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Zambia – Professor Fackson Banda has offered some shoulder for the Hildah Chibomba headed bench to lean on.

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With the Constitutional Court Judges taking someone flak from even the most undeserving of quarters in society in the aftermath of their throwing the presidential petition a media luminary Professor Fackson Banda has offered some shoulder for the Hildah Chibomba headed bench to lean on.

Banda, a former head of Panos Southern Africa Institute reckons the Constitutional Court Judges have been unfairly treated by political forces seeking to arm-twist them in their favour.

Below is Professor Banda’s take:

 

IN DEFENSE OF ALL THE CONSTITUTIONAL COURT JUDGES
Everybody seems to be sharpening their daggers, menacingly aimed at the throats of the current judges of the Constitutional Court. I say to you: this very situation would have arisen even if we had different individuals in that position.

While the judges may be faulted in the way they initially handled the presidential petition (but which human being does not err?), they eventually retreated into the rational quiet of their chamber to argue among themselves, as was expected of them.

The fact that ALL affected politicians cried foul is, in itself, a good sign. At this stage, what we have seems to be largely a political problem, and not necessarily one of the breakdown in law and order. And when you have a political problem of this magnitude, the scapegoat can so easily turn out to be an institution of State that may not easily defend itself.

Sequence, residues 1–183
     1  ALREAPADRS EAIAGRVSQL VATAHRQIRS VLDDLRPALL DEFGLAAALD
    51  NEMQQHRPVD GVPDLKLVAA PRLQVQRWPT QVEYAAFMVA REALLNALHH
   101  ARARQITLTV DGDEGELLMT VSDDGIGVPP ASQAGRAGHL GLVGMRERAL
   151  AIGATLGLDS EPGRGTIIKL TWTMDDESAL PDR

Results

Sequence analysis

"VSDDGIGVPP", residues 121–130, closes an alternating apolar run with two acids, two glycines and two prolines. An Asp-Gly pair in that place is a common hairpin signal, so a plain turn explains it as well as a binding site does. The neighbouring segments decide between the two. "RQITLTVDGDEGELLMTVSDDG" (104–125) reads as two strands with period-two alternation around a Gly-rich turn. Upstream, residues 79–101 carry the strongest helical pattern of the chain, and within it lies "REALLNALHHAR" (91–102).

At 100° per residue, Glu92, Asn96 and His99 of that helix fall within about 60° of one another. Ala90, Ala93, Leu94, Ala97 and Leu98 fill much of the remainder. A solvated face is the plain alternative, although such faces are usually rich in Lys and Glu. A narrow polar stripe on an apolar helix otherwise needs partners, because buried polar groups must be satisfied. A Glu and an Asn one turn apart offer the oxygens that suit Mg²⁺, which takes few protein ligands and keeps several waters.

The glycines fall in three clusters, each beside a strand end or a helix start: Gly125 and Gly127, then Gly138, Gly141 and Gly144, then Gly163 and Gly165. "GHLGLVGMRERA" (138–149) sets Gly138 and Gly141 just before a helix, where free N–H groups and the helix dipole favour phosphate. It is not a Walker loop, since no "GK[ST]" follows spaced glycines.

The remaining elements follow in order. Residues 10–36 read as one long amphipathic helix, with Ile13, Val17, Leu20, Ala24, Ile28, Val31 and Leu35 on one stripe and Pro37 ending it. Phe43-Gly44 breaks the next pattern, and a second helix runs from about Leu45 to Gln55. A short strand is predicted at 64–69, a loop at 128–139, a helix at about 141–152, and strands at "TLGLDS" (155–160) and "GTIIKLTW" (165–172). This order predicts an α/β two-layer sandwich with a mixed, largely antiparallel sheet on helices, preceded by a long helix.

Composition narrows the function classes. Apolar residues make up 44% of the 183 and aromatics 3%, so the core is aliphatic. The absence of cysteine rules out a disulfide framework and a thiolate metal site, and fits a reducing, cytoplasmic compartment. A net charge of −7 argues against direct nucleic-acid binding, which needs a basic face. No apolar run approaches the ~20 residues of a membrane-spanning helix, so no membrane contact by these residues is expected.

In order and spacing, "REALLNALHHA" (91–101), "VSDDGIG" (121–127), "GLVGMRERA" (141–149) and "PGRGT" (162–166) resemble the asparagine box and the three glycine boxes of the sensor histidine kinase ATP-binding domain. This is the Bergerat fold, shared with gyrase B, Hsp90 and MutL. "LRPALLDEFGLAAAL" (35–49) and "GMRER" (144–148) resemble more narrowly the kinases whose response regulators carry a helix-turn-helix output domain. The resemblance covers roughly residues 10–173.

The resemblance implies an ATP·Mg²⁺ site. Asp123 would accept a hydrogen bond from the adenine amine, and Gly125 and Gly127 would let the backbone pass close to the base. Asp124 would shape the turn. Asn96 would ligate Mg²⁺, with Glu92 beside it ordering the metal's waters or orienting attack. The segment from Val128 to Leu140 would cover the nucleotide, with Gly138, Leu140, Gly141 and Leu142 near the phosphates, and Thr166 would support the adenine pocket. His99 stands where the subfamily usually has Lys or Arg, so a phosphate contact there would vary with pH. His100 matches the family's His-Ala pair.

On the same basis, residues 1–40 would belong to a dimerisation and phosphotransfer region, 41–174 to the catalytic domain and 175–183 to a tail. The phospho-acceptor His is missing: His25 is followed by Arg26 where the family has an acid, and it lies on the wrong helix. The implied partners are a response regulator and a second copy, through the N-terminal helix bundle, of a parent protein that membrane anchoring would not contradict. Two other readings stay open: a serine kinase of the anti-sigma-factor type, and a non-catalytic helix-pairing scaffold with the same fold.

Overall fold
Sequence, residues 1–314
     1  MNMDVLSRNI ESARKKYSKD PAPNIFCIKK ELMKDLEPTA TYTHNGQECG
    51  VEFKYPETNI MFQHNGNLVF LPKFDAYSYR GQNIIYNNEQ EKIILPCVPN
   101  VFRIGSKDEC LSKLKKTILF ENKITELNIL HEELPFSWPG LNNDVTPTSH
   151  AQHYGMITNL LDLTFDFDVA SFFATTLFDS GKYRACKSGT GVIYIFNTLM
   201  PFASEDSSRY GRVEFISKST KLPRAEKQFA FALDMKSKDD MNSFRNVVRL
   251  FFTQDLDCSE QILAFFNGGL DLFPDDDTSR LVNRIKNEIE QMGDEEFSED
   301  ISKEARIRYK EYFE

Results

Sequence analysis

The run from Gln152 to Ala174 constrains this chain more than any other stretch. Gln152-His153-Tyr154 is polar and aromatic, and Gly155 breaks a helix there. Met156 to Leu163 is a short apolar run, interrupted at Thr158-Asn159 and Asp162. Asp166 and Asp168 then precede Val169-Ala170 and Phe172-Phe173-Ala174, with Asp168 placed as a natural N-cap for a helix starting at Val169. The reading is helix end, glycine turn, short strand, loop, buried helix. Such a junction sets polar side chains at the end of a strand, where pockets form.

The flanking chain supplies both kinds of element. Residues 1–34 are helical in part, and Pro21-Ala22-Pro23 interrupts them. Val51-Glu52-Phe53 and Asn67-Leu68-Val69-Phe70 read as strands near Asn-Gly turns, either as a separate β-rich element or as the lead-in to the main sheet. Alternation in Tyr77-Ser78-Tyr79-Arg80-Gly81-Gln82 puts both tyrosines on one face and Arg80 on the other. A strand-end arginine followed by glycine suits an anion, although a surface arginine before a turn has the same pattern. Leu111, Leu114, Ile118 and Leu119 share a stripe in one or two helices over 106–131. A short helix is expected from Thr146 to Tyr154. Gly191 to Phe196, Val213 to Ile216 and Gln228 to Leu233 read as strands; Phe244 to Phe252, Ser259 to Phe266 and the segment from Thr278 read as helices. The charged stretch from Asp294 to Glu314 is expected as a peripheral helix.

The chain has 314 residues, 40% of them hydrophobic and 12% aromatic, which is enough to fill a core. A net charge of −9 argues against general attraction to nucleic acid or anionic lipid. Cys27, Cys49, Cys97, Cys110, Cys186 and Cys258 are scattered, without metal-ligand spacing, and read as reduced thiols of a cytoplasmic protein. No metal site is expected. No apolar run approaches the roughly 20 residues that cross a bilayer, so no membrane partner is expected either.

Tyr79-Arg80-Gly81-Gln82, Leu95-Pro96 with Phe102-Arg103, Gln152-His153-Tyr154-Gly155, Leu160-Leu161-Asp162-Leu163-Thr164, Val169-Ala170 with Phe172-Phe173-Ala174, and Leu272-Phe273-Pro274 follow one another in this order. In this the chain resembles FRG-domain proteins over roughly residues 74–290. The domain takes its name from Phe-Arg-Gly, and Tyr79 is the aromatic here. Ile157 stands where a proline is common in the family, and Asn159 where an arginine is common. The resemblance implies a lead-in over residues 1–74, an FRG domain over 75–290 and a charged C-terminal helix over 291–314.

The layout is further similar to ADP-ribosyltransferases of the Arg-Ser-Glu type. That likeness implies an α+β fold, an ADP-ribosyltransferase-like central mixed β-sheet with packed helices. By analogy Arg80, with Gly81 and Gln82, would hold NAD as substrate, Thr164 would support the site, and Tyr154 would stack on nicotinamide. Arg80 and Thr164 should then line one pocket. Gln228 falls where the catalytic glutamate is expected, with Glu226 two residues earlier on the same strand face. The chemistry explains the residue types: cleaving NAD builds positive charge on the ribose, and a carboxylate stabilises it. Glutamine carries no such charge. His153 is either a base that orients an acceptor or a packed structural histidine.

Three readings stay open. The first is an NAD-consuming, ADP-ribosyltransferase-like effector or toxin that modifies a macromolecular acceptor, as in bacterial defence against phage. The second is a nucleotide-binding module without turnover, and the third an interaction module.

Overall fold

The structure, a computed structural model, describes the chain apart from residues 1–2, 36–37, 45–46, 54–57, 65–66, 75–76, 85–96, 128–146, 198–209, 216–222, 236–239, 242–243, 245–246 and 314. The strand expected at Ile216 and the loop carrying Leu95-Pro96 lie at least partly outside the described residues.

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To me, the majority and dissenting decisions of the judges were evidence of a healthy constitutional-interpretive struggle, but it is one among the judges themselves, as it must be.

The politicians, using their legislative prerogative in Parliament, did their job. And, as it turned out, they did not do that job handsomely.
Introduce politicians into this otherwise routine adjudicatory equation, and you have accusations of political bribery.

This is expected of politicians the world over — it is not unique to Zambia. And that is why we must invest a lot more energy in strengthening the judiciary, ensuring its independence and securing the tenure of the judges so that they can disagree among themselves and, by that process of adjudicatory disagreement, give us fairer and more just rulings.

There is no magic bullet. Above all, as citizens, we must learn to believe in the institutions that we set up to order our governance beyond the political space of partisan politics. At this rate, any one of us who ends up on the Constitutional Court could be so easily described as politically aligned. That is why we must begin to defend these institutions against both the ruling and opposition political elites. These institutions remain to order our lives on a daily basis, while parties — and individuals within those parties — wither away.

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Friends, if we look to one of the oldest constitutional democracies
— the USA — it was not by mistake that James Madison, in the Federalist Papers, persuasively argued that “constitutional interpretation must be left to the reasoned judgment of independent judges, rather than to the tumult and conflict of the political process.”